The result of the CFA confirms the hypothesized one-factor model (chi-square=87.45, GFI=0.973, CFI=0.996, RESEA=0.0523). However, errors of three items were found to covary. Further analysis using the Modification Indices provided in the LISREL program suggest an effect of test prompts. Compared to the other item prompts, the item prompts of the three items with correlated errors are less text-based. Thus, the prompts provide minimal information that examinees could take advantage of in forming their responses. The one-factor model with covariance among three items was invariant across the Chinese and Korean samples chosen for the study. The covariance among the three items in the one-factor test structure implies that prompt revision is necessary.
Text-based Internet chats have become a popular component of second language classrooms, making it possible for students to communicate with native speakers and second language learners across the globe. While a number of studies have reported on the positive affects that chat discourse can have on the learning environment, few studies have examined whether participation in chat discourse can help learners improve their proficiency in a second language. To the best of knowledge, no studies to date have examined whether second language learners can improve their oral fluency through participating in a text-based chat learning environment.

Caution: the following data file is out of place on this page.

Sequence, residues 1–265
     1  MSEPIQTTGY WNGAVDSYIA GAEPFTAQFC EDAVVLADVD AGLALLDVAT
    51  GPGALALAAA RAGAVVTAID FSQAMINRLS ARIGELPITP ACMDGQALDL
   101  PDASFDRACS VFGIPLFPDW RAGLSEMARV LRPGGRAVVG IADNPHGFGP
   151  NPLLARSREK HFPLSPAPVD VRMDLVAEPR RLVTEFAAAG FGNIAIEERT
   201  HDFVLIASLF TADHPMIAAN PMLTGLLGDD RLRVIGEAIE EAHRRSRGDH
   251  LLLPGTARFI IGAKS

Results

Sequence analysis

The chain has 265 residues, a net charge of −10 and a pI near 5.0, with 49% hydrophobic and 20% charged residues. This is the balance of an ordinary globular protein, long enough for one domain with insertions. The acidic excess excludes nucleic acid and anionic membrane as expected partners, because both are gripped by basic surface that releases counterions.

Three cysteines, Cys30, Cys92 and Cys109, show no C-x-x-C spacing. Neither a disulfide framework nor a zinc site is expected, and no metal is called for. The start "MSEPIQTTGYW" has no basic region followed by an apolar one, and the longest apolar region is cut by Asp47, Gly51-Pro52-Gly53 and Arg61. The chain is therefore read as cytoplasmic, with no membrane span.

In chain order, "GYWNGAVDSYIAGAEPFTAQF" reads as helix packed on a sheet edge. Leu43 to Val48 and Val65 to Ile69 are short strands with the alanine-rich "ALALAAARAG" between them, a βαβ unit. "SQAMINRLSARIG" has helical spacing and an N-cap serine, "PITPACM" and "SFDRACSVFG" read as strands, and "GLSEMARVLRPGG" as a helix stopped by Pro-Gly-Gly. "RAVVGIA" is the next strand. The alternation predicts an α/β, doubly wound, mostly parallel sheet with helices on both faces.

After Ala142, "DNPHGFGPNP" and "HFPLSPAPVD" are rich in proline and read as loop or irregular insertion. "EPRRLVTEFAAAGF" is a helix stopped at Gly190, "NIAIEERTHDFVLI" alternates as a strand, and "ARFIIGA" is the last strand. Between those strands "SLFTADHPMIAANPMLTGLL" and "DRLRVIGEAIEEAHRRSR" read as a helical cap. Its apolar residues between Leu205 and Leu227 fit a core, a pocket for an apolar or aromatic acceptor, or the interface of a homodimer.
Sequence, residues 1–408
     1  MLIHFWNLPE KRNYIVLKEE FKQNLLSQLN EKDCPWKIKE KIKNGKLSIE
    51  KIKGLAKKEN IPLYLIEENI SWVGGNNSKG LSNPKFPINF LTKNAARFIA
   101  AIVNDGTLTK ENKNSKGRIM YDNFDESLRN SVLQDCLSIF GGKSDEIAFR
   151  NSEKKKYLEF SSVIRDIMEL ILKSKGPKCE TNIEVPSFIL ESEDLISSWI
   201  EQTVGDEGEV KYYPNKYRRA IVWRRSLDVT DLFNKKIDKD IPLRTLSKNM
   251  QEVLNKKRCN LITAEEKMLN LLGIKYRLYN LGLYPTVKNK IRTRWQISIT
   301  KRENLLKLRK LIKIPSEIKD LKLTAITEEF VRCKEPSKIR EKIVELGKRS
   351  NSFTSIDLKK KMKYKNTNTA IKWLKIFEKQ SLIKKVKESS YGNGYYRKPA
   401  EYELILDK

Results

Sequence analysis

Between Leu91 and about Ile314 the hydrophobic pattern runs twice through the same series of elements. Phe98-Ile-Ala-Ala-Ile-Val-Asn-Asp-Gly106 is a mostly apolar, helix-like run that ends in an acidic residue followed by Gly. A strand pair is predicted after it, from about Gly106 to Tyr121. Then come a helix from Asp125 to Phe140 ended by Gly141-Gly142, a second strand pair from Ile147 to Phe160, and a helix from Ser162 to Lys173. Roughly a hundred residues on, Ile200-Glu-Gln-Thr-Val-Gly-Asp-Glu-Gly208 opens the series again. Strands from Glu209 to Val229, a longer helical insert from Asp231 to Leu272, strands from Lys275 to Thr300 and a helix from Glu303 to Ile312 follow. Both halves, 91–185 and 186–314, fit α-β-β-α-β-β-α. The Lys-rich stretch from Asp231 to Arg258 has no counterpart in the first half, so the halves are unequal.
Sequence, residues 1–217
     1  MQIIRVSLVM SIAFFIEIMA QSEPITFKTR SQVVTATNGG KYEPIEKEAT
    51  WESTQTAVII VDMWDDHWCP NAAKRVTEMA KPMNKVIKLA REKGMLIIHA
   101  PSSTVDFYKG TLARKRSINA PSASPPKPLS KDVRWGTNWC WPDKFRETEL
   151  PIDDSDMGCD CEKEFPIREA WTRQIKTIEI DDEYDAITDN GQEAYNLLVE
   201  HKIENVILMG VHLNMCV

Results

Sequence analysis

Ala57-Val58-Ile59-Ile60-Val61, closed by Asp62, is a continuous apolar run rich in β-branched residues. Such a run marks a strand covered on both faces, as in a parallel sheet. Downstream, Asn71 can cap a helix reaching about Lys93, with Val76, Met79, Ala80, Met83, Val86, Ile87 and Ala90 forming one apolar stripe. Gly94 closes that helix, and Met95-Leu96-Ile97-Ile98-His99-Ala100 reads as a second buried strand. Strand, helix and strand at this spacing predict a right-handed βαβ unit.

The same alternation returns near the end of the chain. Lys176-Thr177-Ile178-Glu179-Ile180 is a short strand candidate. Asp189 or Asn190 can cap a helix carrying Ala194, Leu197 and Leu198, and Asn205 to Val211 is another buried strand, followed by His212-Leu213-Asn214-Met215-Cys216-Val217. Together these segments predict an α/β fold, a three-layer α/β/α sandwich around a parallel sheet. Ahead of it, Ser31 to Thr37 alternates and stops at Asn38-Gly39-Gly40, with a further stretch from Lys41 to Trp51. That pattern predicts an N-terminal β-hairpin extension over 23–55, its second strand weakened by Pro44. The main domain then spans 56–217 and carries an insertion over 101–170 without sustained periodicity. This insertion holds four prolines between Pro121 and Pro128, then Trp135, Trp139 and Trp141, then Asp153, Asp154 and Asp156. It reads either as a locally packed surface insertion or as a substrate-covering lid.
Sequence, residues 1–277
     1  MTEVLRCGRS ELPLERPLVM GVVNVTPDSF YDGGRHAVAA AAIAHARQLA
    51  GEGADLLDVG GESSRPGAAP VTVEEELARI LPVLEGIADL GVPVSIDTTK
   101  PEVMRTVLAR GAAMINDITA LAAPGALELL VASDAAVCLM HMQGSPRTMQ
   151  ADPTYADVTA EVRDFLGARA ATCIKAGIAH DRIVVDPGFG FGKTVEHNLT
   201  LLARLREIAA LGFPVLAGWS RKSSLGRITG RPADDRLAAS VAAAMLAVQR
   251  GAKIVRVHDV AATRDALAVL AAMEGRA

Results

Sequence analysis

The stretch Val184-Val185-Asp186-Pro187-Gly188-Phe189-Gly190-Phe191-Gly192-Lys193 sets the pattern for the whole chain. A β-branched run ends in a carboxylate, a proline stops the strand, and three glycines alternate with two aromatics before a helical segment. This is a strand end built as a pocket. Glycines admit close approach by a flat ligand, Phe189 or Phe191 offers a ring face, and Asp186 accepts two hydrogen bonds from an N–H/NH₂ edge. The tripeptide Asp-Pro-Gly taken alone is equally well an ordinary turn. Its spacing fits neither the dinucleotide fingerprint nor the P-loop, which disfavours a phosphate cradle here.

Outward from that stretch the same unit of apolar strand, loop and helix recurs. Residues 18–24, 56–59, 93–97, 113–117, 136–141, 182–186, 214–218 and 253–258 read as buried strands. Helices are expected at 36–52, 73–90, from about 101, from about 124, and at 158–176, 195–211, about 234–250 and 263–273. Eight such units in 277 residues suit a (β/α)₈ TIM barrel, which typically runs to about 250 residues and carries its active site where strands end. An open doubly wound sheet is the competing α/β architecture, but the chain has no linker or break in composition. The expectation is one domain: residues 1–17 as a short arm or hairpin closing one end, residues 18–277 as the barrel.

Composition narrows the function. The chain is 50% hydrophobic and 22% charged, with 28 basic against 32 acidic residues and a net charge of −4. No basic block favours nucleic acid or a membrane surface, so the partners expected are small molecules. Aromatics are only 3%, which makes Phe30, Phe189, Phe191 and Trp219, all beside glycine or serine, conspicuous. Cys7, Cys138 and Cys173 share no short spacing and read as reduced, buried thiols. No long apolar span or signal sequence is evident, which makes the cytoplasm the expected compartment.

This dissertation addresses the above question by examining the oral fluency development of 34 ESL learners who participated in the same six-week course but in separate instructional environments: a text-based Internet chat environment, a traditional face-to-face environment and a control environment that involved independent learning with no student interaction. A fluency pretest was administered prior to the study and a posttest was administered at the end. Speech samples collected from these tests were analyzed for fluency at five temporal variable levels: speaking rate (SR), phonation time ratio (PTR), articulation rate (AR), mean length of run (MLR), and average length of pauses (ALP). Improvement in fluency was measured in terms of the pretest to posttest gain scores on each of these measures.